Wednesday, December 13, 2006

Seizure dog on duty!

The seizures are bad, hitting hard enough to knock her to the ground — helpless until someone arrives or she can gather her senses. But worse, says Heidi Lee Dias, is never knowing when the next one will hit, or where.

Sometimes days will pass without one, "but yesterday I had two ... I had three last week." It has happened when she was on the stairs and when she was out in town.

"There's never a good time or place but some places are really bad," she said. "It's really scares me and it worries my family all the time."

The seizures have dominated her life since she suffered a stroke out of the blue seven years ago at age 29. She had undergone a doctor-recommended hysterectomy and was recovering in the hospital two days later when it hit.

"At first I could hardly do anything. I couldn't talk — the only word I could say for awhile was 'no.'"
Gradually her strength and speech returned but there are still good days and bad.

Telling her story last week, she spoke clearly about what she'd endured.

"But some days I can hardly say a thing. My daughter can always understand me but sometimes she's the only one."

It's the same with her strength. Her right side is weakened but she can usually get about reasonably well, except on the bad days. Or when a seizure strikes.

Veteran, EMT, now housebound

All this is quite a change for a young woman who had set a career path of helping others. After high school in Fall River she entered the Navy and was shipped off to serve in Operation Desert Storm when her daughter Bianca Lee Cardoza, now a senior at Westport High School, was but nine months old.

During the war she was among a special few selected to be a Marine Corpsman, tending to wounded soldiers. Back home she continued that line of work, becoming an EMT for private ambulance services.

"It was work I really liked," she said. "I miss it, I was doing something important."

These days the tables have turned. Since the stroke, she can't work, can't drive, can't go out without fear of the seizures for which doctors can forecast no end.

She's 36 now and gets help from her daughter, husband George Dias and daughter-in-law Kayla Dias.

"They are great about it (the experience has even played a part in guiding her daughter toward a career in nursing or similar field). But I know it's hard on them, someone calling me every 10 minutes to make sure I'm all right."

"I just want my life back, to be able to go places without being afraid of what might happen."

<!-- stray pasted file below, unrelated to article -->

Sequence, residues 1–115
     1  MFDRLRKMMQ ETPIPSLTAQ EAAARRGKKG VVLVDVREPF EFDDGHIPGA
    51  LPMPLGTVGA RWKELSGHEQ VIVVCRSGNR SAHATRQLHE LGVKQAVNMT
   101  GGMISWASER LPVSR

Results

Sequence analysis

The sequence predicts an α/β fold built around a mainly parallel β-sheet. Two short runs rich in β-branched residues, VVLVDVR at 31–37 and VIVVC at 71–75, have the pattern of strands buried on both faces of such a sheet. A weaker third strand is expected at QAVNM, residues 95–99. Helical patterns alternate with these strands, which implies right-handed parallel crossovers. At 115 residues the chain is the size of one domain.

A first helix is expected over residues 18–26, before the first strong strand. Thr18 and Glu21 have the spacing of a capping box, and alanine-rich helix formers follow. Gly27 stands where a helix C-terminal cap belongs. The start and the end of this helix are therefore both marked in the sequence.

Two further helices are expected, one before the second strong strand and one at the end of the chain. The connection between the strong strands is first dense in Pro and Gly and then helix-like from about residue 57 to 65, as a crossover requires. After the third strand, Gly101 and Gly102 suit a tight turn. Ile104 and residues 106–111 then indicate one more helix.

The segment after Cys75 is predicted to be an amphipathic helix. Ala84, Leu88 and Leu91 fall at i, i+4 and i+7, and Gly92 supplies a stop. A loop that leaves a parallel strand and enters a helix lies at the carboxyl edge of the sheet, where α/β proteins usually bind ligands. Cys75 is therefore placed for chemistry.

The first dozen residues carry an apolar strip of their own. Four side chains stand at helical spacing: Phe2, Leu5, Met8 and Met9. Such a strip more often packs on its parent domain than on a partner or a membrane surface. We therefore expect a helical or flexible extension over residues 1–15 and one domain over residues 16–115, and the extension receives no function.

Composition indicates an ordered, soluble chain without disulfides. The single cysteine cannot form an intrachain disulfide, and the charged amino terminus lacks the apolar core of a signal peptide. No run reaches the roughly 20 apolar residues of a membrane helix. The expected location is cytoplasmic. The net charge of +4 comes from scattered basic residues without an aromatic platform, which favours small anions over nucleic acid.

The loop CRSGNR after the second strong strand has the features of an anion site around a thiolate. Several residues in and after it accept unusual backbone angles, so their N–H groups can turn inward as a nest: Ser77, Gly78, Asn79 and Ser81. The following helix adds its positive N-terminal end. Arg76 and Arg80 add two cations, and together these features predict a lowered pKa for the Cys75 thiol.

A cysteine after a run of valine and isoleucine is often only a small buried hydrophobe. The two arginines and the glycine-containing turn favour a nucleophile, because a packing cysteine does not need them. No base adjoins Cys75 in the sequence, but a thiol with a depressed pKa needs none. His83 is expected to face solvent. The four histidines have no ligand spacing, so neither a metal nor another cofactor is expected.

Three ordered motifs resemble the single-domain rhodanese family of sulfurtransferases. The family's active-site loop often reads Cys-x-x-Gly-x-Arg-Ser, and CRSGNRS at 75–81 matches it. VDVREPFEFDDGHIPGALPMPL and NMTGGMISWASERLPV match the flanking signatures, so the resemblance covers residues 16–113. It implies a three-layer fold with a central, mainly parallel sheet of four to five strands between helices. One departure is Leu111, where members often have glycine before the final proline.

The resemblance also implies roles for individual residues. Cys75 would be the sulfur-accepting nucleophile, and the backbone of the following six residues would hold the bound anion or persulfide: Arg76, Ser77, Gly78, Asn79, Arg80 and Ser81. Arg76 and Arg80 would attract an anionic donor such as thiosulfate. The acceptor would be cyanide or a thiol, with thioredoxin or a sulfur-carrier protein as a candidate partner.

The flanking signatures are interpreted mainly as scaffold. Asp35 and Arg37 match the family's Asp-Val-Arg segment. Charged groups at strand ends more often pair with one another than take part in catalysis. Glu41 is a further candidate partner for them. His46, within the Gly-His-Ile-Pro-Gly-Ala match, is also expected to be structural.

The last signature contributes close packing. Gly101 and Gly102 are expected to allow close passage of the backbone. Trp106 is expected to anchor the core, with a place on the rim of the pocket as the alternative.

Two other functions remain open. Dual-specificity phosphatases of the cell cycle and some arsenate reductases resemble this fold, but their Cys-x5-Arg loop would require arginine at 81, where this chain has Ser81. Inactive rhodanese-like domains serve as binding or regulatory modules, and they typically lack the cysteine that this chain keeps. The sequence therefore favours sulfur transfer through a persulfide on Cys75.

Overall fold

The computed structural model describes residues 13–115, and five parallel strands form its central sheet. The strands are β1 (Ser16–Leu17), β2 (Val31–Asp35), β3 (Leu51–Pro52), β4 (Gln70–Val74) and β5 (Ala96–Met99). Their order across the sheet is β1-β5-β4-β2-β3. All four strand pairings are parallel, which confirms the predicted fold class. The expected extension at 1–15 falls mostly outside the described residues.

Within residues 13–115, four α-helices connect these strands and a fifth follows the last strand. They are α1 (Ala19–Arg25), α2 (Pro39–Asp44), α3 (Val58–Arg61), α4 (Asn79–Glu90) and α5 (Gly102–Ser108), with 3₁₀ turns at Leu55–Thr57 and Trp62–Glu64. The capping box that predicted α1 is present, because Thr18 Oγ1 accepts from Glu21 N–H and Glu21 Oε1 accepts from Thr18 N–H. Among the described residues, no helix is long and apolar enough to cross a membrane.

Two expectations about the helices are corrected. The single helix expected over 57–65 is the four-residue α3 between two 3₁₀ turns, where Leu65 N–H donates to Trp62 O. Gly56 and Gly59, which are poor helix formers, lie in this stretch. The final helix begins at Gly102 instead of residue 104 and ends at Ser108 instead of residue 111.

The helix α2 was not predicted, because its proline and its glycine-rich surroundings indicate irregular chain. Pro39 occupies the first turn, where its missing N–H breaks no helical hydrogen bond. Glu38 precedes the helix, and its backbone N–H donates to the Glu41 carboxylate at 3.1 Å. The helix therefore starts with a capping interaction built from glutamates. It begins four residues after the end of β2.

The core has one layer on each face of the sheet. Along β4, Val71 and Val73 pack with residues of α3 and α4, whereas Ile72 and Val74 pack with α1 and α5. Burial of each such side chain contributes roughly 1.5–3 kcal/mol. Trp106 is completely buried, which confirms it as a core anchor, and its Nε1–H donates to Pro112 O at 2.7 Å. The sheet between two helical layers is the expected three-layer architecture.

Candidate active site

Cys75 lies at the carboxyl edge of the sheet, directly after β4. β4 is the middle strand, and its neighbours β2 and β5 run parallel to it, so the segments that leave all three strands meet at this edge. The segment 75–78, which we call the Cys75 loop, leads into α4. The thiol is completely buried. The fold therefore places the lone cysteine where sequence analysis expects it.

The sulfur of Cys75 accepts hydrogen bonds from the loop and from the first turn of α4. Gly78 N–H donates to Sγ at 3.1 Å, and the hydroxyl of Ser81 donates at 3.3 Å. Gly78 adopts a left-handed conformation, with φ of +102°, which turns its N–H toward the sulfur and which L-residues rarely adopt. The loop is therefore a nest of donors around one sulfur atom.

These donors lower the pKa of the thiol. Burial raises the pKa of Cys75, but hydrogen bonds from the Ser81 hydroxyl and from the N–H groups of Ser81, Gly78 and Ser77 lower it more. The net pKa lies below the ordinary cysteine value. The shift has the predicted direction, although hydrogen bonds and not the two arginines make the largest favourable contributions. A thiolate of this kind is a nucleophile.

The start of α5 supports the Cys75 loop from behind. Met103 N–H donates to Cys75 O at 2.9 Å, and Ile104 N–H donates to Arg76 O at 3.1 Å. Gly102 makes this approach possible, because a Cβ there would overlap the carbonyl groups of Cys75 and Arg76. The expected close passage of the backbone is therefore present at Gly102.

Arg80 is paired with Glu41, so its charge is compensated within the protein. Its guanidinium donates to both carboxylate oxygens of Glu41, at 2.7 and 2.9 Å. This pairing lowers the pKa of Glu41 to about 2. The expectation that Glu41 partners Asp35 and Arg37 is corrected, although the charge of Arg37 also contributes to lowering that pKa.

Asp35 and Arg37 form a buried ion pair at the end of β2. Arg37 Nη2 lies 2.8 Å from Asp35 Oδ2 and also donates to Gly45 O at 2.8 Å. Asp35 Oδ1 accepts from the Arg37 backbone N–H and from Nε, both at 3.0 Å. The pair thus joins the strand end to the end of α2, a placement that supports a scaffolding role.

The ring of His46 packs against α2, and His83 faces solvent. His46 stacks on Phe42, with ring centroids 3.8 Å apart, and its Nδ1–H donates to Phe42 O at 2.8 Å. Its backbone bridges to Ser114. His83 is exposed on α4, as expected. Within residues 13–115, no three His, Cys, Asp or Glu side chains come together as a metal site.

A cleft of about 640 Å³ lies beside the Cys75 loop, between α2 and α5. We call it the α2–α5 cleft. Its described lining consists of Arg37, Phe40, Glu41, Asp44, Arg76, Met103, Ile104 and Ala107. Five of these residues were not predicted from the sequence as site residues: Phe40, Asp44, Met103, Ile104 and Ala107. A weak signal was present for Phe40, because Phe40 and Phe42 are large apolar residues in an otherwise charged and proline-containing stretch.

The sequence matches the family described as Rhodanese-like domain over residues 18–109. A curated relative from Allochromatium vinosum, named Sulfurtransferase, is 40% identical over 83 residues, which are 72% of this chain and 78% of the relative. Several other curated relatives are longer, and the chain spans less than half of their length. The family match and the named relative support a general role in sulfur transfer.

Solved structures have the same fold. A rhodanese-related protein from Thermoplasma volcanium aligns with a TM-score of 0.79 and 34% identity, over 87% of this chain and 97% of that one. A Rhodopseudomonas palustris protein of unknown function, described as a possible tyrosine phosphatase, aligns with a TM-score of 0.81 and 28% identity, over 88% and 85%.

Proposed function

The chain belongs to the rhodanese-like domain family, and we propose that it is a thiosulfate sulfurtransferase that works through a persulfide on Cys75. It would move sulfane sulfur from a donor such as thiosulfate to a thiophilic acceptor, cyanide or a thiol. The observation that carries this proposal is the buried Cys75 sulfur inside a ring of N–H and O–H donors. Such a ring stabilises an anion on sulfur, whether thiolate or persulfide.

It has been heart-wrenching to see the changes in her daughter, said Heidi's mother Sandra Amarello who lives in Florida but makes trips north to help out.

"She went from a very outgoing, active person who loved to play sports outside with her daughter to someone who is afraid to leave her house," Ms. Amarello said. "She doesn't like to go out to her mailbox alone ... one time she had a seizure right out there in Route 177." And whereas she used to take care of her daughter, "now it's the other way around. Her daughter does so much for her."
Seizure dog

Awhile back, Heidi learned from doctors about something that might help.

"I had never heard of seizure dogs before so I looked it up on the internet." There she found a wealth of information about special dogs trained to help owners who suffer from seizures, dogs that can perhaps even alert them before the seizure hits.

Her research led her to Northern Indiana Service Dogs, a firm that trains dogs for the specific and varying needs of clients. Some are companions and helpers for wheelchair-bound and partially paralyzed people, and others are trained as seizure response dogs.

Ms. Dias is especially hopeful about the possibility that some seizure response dogs may actually sense the onset of a seizure before it begins.

"It may be something to do with their sense of smell, or with the fact that they know their companions so well but they can actually give warning before it starts." This, she adds, would make all the difference and offer a measure of protection from falls or worse.

Northern Indiana Service Dogs makes no assurances along these lines:

"There is no guarantee that a seizure response dog can predict a seizure. However, we would expect that in time, and after bonding ... they will notice oncoming seizures and will alert you to them."

The firm does say the dogs are trained to assist with balance, retrieve dropped or out-of-reach objects, open doors and even bring a phone to a fallen person.

Although she hasn't yet raised anything close to the $5,000 she'll need for her dog (actual cost is higher but a donor program provides some assistance) she has begun the process. Stevie, a yellow lab puppy, has begun training for her specific needs and will be available in several months.
She says she calls the trainers often to find out how it's going.

"They say he's going to be wonderful. I can't wait to meet him," she added.


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